Sunday, April 29, 2007

Mobile Platforms

For work purposes I am currently carrying two phones- a Blackberry and a Palm 650. I like both of these OSes, although the Palm OS does crash quite a bit. I've also been testing a couple of mobile GIS applications running on Windows Mobile 5. We're trying to figure out where to go next with it- RIM, Symbian, Linux (iPhone), etc.

While I like RIM and Palm OS, with a edge to RIM, Windows Mobile is completely unappealing to me. The main plus from a development standpoint is that it is relatively standard across devices. However, this is easily eclipsed by the usability, the memory consumption, and the way in which closing most programs doesn't close them- it just hides them. The stability varies pretty widely across devices, but it's about on the level of Palm OS.

I am still waiting for the mobile OS that implements virtual memory paging (with an SD card as the pagefile holder). It might be slower, but the RAM is so easily consumed in simple apps, it would enable a variety of applications that just don't work now. I know, you just have to wait a couple of years and it will all change, but right now it's a very tough decision if you want to figure out which mobile OS to develop on.

Now, some might say- why not just do mobile friendly web applications versus applications? For a lot of applications, you need more interactivity than the limited browsers on the phone provide. For others, the constant lag is the impediment. Overall, it's an area of potential, but limited to only the simplest applications today.

However, the mobile device is where some of the virtual machine technologies can really come to bear. In particular, Java Mobile Edition is pretty widely available, even if the apps look as out of place as they often do in Desktop OS land. So, you can do a Java app and get a reasonable percentage of phones to work, although they all seem to implement slightly different profiles.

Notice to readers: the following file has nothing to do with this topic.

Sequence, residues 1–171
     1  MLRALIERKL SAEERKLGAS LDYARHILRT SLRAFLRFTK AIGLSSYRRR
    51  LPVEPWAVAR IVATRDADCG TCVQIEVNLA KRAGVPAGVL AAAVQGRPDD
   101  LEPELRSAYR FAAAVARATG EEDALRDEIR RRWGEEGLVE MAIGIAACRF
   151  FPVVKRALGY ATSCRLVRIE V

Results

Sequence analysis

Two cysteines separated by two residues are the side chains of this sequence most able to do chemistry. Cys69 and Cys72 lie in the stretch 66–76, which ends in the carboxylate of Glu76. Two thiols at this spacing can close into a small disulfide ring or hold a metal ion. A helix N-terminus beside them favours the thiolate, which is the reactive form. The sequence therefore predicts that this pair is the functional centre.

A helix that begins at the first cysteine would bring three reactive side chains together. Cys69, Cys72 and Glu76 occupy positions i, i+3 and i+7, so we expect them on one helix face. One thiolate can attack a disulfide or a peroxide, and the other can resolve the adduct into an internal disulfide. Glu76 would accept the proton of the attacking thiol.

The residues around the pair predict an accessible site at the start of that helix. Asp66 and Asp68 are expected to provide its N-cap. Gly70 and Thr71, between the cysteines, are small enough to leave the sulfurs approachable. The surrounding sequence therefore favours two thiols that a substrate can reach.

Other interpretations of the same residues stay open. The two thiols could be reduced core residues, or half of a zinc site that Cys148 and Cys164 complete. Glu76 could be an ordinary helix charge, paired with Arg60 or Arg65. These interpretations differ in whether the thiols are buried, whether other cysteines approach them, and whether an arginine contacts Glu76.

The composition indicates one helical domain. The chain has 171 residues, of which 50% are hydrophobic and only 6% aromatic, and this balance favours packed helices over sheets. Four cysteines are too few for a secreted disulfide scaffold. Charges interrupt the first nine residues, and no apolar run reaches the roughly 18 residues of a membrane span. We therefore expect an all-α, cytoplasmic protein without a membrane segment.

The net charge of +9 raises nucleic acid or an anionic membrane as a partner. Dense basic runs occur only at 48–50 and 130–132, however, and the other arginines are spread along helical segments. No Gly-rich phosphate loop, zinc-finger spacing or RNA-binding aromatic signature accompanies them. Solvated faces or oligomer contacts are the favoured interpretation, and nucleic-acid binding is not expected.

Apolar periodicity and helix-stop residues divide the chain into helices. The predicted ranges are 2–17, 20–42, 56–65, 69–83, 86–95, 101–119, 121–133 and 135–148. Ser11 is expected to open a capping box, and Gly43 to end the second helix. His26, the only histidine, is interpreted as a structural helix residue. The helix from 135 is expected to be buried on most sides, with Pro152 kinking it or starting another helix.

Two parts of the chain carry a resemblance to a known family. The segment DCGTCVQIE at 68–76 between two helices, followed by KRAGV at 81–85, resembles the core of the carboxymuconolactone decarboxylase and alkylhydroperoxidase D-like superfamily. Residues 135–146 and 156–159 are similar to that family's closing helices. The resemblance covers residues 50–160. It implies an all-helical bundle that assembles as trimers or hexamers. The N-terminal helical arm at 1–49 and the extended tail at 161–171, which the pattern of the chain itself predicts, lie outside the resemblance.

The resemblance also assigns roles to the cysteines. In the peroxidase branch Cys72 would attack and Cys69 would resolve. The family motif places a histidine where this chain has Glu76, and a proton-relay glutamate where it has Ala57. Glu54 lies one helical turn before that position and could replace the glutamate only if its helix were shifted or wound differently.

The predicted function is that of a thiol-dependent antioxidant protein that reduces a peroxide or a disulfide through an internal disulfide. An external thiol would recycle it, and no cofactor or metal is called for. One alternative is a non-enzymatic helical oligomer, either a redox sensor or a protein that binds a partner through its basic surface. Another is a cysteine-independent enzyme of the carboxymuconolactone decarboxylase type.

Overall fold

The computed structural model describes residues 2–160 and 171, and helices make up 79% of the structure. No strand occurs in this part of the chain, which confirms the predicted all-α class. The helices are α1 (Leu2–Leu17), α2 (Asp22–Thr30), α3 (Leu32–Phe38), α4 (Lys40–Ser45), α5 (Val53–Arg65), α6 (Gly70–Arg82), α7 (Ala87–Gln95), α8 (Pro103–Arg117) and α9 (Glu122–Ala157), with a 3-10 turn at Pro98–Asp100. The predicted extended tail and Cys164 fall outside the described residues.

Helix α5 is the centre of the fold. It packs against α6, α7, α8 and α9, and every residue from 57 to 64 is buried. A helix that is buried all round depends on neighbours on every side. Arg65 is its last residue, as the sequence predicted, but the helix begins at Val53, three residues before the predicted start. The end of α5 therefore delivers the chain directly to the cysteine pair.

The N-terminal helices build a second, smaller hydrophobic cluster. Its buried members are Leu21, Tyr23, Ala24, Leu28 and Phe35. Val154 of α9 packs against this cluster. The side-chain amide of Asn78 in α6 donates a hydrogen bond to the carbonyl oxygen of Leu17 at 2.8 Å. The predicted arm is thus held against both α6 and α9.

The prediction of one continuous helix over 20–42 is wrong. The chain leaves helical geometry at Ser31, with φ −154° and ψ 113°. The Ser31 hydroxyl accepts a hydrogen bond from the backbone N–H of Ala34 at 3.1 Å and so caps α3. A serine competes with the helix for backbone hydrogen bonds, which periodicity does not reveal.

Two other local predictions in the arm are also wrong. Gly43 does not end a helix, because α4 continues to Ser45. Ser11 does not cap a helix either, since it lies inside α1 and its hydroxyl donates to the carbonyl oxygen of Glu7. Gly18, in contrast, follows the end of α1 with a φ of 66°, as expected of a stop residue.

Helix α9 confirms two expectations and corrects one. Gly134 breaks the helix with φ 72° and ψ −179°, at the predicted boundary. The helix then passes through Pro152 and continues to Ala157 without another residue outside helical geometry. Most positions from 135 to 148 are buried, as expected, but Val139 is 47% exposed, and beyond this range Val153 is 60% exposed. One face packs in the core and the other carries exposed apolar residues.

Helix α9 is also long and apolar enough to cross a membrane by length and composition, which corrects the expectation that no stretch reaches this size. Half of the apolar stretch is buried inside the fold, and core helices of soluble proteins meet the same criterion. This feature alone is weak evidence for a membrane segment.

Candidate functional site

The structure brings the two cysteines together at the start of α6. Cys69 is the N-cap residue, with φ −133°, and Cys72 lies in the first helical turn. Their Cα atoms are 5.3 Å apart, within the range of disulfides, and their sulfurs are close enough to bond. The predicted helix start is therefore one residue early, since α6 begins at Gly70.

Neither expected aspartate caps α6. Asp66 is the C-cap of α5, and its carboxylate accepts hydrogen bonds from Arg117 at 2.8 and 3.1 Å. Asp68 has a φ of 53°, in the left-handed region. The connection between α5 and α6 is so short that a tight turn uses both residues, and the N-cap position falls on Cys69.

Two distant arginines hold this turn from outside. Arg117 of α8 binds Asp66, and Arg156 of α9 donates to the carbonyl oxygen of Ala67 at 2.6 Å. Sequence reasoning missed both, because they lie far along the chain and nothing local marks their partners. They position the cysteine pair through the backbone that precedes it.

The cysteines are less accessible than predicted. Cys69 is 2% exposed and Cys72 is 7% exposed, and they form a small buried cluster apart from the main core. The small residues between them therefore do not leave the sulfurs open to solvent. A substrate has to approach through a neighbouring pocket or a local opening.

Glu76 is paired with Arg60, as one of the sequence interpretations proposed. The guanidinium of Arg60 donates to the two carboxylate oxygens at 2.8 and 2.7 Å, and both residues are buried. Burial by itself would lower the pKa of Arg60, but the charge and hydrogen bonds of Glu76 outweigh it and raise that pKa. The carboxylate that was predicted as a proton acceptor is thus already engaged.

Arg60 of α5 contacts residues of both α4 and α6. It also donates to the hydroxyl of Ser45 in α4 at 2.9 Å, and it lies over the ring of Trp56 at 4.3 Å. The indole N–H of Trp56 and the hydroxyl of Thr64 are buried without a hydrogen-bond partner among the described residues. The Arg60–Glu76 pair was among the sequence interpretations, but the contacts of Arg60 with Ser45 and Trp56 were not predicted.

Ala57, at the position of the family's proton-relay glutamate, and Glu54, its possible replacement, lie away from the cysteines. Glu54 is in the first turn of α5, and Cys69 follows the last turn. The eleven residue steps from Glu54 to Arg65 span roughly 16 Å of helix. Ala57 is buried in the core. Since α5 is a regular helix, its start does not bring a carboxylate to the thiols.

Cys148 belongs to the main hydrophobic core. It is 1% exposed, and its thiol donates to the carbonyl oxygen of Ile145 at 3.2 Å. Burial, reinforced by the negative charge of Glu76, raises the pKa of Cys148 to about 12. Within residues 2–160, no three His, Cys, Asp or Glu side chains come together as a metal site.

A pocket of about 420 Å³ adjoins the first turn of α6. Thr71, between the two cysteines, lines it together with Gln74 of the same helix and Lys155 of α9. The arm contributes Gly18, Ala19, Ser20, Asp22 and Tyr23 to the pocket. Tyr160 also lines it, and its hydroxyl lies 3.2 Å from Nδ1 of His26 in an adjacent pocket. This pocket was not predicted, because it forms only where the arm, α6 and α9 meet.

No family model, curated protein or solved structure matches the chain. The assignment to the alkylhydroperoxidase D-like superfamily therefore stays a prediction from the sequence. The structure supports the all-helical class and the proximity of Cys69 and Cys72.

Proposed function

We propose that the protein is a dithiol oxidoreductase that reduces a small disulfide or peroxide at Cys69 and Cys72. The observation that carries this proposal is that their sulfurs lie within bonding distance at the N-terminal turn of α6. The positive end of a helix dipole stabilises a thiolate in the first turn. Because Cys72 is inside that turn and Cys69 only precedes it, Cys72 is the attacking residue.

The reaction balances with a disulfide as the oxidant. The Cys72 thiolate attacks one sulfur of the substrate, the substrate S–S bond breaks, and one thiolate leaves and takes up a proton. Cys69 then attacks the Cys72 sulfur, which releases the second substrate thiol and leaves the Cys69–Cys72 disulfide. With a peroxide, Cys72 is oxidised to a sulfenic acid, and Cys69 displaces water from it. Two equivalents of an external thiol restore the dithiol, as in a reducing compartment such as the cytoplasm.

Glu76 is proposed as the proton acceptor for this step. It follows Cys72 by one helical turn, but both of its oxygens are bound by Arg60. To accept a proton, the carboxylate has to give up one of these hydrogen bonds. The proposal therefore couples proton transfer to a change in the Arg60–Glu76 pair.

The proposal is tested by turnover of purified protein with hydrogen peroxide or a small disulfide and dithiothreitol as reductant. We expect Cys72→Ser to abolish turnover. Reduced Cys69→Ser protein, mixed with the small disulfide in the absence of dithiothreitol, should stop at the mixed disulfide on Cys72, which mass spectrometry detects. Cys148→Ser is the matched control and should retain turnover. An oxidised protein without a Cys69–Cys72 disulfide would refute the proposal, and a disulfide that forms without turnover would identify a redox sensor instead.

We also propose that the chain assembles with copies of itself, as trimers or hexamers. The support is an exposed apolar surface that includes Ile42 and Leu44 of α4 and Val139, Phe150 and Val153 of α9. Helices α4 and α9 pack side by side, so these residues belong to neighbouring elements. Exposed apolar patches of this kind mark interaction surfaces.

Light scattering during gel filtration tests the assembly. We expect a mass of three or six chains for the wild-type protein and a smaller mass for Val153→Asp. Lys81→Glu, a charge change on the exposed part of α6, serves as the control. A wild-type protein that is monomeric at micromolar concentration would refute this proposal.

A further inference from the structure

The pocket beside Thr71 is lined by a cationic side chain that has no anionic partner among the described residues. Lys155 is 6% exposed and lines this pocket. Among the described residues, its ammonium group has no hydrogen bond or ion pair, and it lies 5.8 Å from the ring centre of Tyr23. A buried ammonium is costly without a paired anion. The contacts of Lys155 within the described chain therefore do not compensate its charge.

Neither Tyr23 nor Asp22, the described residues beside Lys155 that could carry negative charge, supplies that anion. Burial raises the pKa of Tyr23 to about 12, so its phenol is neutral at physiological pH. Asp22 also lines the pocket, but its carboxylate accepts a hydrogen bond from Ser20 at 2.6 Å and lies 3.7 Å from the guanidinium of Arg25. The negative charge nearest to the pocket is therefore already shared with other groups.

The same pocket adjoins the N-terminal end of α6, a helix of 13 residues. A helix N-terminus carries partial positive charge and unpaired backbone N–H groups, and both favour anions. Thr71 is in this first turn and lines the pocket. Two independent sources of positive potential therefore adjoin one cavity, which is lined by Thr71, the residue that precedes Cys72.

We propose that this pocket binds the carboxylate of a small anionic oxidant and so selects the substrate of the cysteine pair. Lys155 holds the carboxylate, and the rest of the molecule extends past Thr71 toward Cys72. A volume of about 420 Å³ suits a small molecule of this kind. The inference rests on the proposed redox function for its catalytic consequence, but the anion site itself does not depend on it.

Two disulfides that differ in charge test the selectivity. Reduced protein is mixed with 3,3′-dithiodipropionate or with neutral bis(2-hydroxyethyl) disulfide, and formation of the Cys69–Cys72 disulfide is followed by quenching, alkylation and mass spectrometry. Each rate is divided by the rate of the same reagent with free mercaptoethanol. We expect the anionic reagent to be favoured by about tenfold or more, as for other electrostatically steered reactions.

Now we have the Apollo, Silverlight, JavaFX model of what are in reality enhanced web browsers that build UIs out of things other than HTML. JavaFX mobile is one picture of how things could go in that direction, where the environment could provide all of the basic phone functions, in addition to providing a decent programming environment for content delivery. Of course, I am not sure how much of that is really one thing, or if it's a set of technologies that Sun is lumping under one banner.

Anyway- let's say I have an opportunity to port one of these mobile GIS apps to a platform or OS- which way should I go?

Saturday, April 28, 2007

Productive Thoughts

Scott Simpson: I love saving things to w/ a "toread" tag. Offloading work to the future, incredibly productive, version of myself. [link] Kind of a cool idea for using, especially if you use the firefox plugin. Just highlight a bit of text and then tag it. So easy. I haven't gotten as much out of the more advanced bookmarks plugin, but that might be because my current bookmarks are a pile of junk.